Australia, which is one of the world leaders in household rooftop solar panel adoption, has set a new record for the number of solar panels installed in a single year. According to an estimate by Australia’s national science agency, CSIRO, installations increased by nearly 30% in 2020 compared to the previous year.
The data comes from Australia’s Renewable Energy Regulator, a national body charged with lowering carbon emissions and accelerating the use of clean energy. It was collected by energy efficiency experts and published in a CSIRO release.
Data from Australia’s Renewable Energy Regulator, a national body charged with lowering carbon emissions and accelerating the use of clean energy, was gathered by energy efficiency experts and published in a CSIRO release.
It reveals that, while their federal representatives lag behind on climate change, ordinary Australians are doubling down on renewable energy, installing more rooftop solar panels than ever before and increasing the scale of their rooftop arrays.
“Sustained low technology costs, increased work from home arrangements and a shift in household spending to home improvements during COVID-19 played a key role in the increase of rooftop solar PV systems under the SRES,” said Clean Energy Regulator senior executive Mark Williamson, referring to a national scheme in Australia that allows homeowners and small businesses to recoup some of the costs of installing solar panels on their roofs.
The record-breaking year is just another in a long line of record-breaking years for the sun-drenched nation, which has seen renewable energy installations grow year after year as the cost of renewables has decreased. Rooftop solar installations increased by nearly 60% in 2018 compared to 2017.
“Australia is one of the sunniest places on the planet,” said Michael Ambrose, a senior experimental scientist at CSIRO who led the CSIRO analysis, which mirrors a separate annual assessment of the Australian rooftop solar market conducted by consultancy firm SunWiz.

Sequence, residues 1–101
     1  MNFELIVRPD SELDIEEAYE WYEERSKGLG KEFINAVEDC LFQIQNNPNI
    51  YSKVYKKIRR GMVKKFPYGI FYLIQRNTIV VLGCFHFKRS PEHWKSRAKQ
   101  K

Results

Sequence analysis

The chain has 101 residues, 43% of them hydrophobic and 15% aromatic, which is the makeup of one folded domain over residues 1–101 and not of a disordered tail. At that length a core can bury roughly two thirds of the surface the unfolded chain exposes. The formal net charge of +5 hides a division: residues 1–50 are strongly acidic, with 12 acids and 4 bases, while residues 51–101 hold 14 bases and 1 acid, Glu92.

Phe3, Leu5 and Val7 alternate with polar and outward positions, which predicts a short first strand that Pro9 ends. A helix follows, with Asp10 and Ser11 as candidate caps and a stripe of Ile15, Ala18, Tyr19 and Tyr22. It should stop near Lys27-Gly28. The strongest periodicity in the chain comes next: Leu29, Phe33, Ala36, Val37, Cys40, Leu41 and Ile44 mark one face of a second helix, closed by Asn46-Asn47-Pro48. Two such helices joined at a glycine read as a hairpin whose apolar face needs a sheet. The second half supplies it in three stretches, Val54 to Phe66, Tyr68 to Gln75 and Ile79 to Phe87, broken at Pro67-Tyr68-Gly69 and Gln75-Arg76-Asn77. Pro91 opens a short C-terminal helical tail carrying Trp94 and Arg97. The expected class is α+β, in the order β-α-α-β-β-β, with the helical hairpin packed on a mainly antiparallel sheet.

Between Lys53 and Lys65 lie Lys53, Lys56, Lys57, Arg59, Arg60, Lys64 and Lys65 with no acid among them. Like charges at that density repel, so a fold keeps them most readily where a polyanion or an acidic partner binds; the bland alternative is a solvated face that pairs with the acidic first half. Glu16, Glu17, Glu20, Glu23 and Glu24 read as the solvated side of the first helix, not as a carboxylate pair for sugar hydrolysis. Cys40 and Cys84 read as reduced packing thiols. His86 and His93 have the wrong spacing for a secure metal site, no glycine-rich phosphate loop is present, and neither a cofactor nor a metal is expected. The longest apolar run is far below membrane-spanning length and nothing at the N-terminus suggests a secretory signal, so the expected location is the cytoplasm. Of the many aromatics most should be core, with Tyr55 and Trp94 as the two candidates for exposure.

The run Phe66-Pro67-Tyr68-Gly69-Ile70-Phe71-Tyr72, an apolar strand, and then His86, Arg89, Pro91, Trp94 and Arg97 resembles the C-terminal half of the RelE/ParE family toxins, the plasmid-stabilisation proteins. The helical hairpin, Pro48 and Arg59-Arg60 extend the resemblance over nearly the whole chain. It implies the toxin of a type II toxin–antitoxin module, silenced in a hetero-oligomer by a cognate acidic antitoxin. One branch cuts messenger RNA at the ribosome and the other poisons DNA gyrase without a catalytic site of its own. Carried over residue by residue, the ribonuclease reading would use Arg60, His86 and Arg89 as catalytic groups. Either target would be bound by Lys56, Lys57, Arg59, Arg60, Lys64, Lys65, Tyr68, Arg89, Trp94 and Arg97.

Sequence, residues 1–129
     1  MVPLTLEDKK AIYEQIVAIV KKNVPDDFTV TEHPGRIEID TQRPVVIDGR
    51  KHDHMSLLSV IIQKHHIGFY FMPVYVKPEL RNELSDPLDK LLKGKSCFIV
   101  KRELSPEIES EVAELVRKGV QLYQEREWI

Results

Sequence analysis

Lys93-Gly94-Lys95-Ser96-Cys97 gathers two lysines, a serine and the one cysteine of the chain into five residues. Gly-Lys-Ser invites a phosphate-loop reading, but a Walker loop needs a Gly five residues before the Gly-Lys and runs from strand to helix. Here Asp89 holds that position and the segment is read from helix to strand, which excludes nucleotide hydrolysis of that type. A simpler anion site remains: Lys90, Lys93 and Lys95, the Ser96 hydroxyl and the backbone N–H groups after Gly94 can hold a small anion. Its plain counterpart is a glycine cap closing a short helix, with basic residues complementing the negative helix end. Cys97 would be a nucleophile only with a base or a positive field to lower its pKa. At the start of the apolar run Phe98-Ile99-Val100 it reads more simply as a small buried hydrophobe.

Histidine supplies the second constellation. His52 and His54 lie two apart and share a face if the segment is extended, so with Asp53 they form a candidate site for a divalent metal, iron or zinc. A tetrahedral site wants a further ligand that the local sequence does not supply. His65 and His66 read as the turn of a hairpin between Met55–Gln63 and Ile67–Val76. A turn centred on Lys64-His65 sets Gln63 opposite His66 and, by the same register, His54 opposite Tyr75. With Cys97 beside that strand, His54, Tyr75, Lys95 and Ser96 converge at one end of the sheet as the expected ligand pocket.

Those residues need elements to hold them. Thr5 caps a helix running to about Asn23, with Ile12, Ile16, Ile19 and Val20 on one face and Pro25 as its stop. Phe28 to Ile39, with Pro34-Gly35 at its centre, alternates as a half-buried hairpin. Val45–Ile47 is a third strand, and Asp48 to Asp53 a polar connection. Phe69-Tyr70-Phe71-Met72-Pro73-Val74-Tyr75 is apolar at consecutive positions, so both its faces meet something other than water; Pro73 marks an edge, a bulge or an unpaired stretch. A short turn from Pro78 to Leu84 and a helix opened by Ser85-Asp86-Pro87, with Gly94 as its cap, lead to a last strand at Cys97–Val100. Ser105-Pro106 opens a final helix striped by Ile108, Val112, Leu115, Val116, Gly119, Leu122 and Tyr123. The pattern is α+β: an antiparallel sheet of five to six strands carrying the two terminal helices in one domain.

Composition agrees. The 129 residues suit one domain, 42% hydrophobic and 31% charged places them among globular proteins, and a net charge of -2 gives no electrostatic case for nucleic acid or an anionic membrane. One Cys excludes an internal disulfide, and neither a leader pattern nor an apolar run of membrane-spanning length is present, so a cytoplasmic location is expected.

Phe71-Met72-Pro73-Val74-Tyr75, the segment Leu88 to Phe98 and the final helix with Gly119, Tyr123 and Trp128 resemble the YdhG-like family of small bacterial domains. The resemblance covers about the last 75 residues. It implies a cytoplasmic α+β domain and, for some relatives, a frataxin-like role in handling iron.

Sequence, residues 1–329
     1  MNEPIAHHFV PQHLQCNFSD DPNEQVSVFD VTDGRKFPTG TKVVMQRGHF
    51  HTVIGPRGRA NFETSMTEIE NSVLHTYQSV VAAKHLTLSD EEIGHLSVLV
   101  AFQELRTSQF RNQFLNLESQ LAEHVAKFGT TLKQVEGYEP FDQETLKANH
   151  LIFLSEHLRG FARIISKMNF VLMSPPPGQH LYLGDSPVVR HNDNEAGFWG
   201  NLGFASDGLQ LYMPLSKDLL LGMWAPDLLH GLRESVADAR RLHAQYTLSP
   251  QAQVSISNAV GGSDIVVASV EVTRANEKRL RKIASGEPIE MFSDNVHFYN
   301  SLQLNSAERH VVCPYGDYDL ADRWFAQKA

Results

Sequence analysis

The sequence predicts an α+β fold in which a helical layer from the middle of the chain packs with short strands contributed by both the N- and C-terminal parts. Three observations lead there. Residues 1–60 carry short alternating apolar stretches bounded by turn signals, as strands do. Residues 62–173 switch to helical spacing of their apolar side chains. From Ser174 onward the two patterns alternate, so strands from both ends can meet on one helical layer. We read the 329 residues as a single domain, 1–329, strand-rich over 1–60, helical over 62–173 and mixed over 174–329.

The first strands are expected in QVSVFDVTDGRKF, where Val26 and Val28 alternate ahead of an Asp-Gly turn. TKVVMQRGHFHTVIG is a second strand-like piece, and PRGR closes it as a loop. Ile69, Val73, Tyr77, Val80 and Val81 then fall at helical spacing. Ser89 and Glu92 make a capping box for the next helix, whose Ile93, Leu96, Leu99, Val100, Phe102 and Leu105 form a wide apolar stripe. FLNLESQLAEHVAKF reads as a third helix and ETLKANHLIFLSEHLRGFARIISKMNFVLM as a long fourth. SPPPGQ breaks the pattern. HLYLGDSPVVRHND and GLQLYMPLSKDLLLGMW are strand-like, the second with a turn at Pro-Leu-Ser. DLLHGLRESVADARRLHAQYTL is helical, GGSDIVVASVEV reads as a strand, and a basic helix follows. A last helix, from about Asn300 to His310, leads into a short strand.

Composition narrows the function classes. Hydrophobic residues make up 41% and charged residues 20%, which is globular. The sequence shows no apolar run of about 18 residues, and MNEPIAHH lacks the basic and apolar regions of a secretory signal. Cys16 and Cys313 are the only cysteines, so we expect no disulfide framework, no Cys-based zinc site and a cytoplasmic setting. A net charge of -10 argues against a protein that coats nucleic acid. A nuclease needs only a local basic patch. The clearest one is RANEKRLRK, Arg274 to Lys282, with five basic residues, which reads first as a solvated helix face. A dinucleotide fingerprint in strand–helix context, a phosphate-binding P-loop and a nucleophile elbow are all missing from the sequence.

“We lead the world in PV capacity on a per capita basis at 591 watts per person which is almost eight times the worldwide average,” he said.
Photovoltaics, or PV, is what scientists commonly refer to as solar panels, which are made of solar cells stacked together to capture the Sun’s energy and convert it to electricity. The amount of electricity a solar system can produce at its peak is referred to as its capacity.
“The [latest] solar PV installation data shows how quickly PV systems have been taken up across Australia and the increasing size of the PV arrays,” Ambrose said.
The CSIRO analysis used data from Australia’s federal Clean Energy Regulator, which showed that a record-high 362,000 solar panels were installed and certified under the scheme for small-scale renewables in 2020.
At the end of the year, Australia had over 2.68 million rooftop solar systems on houses, implying that one out of every four households is now soaking up sunlight and turning it to electricity.
And, based on early data, the country’s rooftop solar capacity is only expected to increase, with installations already trending higher in 2021.
Despite the fanfare, there are more pressing issues to address: can Australia’s ageing electricity network handle the massive influx of solar energy – it’s outdated and in desperate need of upgrading – and can solar panels combined with household batteries keep the grid stable and bolster electricity supplies in the event of severe weather, such as lightning strikes.
Many small Australian communities have recognized this opportunity after experiencing power outages while battling fire fronts during the country’s destructive ‘Black Summer’ bushfires, and are taking matters into their own hands by going off-grid and building their own standalone solar-powered systems.
When we take a step back, however, some analysts believe Australia is lagging behind other renewable-energy pioneers like Germany.
Australia could be constructing new renewable energy systems, including massive solar arrays and wind farms, at a per capita pace ten times faster than the global average, in recent years. But it also trails behind other countries in the overall amount of electricity it produces from renewables.
“Denmark is generating about two-thirds of its electricity from renewables – non-hydro renewables – and it has a population a fifth of Australia, so their per capita annual generation is many times that of Australia, and similarly for Scotland,” said UNSW Sydney renewable energy expert Mark Diesendorf in early 2021 to the Australian Associated Press.
Solar cell researchers have been exploring new-fangled configurations with materials other than silicon that can absorb more sections of the light spectrum and could be used to make more powerful solar cells – and they’ve been smashing records after records.
There’s nothing like a good dose of rivalry.